October 5 2012: Sir Jeremy Heywood, Cabinet enforcer and a web of cronies, at centre of incestuous NEXUS lobbying to end independence of BAE
The controversial merger of the defense giant BAE Systems with a foreign conglomerate has been described by one respected global affairs expert as the ‘biggest redrawing of global defenses since the Cold War’.
The Government is now under intense pressure to stop the deal by refusing to sell its golden share in BAE (which last year sold £19?billion of defense and aerospace equipment). The golden share gives ministers the power to block a change of control of the company, to bar any non-UK nationals from top jobs at the firm and prevent any foreign investor owning more than 15 per cent of the company. Yet there are widespread fears that the merger is a done deal and that David Cameron doesn’t mind that one of the last great British manufacturing institutions, whose history dates back to Vickers-Armstrong which built the Spitfire, will fall into foreign hands.
The Prime Minister is said to be in favour of the move after coming under pressure from the Cabinet Secretary, Sir Jeremy Heywood. He has been advocating the merger to the PM and has had a series of meetings with BAE and Morgan Stanley, the American investment bank which is advising the firm and which is in line to get millions from its work on the deal.
However, there is profound disquiet over the fact that 50-year-old Heywood has very strong personal links with Morgan Stanley staff, having worked at the bank as a director during a four-year break from the civil service. There is no suggestion, though, that he will benefit financially from the BAE merger. There have been claims that as the most important civil servant in government, the uber-ambitious Heywood (who was knighted by Cameron in January) is in danger of opening himself to charges that he could compromise the scrupulous independence expected of someone in his position. Heywood’s involvement has also led to widespread suspicions that the £28?billion BAE deal is being stitched together by the Whitehall establishment.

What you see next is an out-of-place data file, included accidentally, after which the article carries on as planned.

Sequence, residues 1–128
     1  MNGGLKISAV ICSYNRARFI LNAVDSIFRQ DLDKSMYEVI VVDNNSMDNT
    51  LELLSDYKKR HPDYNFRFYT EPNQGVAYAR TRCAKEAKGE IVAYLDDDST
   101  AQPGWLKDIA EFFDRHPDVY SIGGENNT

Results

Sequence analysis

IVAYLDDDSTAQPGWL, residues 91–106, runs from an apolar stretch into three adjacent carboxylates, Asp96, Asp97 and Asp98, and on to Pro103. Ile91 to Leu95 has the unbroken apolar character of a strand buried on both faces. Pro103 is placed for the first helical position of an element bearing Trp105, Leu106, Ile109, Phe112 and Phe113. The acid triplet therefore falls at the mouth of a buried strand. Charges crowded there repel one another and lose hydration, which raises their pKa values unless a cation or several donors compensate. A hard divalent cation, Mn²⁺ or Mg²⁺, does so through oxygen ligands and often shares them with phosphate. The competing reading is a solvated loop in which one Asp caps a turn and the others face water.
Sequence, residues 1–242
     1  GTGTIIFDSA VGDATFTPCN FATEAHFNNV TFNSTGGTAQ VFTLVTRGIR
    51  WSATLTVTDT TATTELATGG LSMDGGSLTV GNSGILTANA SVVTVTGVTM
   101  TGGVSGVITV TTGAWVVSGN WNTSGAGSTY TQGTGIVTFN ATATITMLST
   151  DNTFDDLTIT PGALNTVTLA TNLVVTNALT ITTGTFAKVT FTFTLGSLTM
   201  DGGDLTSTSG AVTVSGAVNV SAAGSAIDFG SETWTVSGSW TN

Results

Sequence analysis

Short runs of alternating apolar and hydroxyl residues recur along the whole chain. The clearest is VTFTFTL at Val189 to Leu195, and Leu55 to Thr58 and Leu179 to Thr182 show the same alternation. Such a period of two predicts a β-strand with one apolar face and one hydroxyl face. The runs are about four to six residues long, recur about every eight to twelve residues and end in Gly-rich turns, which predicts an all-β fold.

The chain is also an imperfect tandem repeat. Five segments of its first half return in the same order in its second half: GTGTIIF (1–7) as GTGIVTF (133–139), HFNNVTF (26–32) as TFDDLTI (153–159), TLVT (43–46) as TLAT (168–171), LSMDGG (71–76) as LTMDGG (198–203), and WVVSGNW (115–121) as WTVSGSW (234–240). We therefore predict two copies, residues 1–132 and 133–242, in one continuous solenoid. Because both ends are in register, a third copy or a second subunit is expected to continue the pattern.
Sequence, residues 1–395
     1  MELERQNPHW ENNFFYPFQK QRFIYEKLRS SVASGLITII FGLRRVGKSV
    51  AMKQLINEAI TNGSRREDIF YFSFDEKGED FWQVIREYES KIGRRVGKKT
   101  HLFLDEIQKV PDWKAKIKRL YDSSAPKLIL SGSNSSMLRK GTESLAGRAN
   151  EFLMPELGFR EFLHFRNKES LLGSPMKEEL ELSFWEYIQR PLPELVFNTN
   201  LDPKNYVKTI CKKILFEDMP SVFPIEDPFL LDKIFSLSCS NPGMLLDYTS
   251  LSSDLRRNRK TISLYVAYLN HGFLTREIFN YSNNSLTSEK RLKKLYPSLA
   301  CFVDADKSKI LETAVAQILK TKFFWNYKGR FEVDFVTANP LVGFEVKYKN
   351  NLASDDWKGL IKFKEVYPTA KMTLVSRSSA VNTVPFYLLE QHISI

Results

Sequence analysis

Several MPs want him to be questioned by the Commons defense select committee, which is investigating the merger. Heywood was a highly-paid director of Morgan Stanley as recently as 2007 — having taken a break from his Whitehall career. (Previously he had been Principal Private Secretary to Prime Minister Tony Blair and Head of Domestic Policy and Strategy at the Cabinet Office under PM Gordon Brown.)
Heywood’s stint at the U.S. bank was itself highly controversial. He was accused of making a large sum of money while employed by Morgan Stanley, which dealt with the ill-fated Southern Cross care homes group. Heywood was the ultimate head of the Morgan Stanley team which advised on the sale of Southern Cross in 2006 to a U.S. equity firm which soon hived off many of the freeholds of the homes to another company. In turn, that company sold them off. The result was that 31,000 frail and elderly residents in 750 homes faced being made homeless and 3,000 jobs were lost. Although he was not directly involved in the deal, it was never made clear how much money Heywood was paid by Morgan Stanley at the time, but banking sources said it would have been a handsome sum. Justin Bowden, a union boss, said Heywood was in the scandal ‘up to his neck.’